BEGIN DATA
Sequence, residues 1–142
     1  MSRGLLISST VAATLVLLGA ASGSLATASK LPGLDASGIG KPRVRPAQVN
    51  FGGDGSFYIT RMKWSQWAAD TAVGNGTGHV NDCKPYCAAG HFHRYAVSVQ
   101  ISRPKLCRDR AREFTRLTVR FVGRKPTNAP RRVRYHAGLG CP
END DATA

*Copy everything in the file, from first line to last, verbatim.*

Sequence, residues 1–142
     1  MSRGLLISST VAATLVLLGA ASGSLATASK LPGLDASGIG KPRVRPAQVN
    51  FGGDGSFYIT RMKWSQWAAD TAVGNGTGHV NDCKPYCAAG HFHRYAVSVQ
   101  ISRPKLCRDR AREFTRLTVR FVGRKPTNAP RRVRYHAGLG CP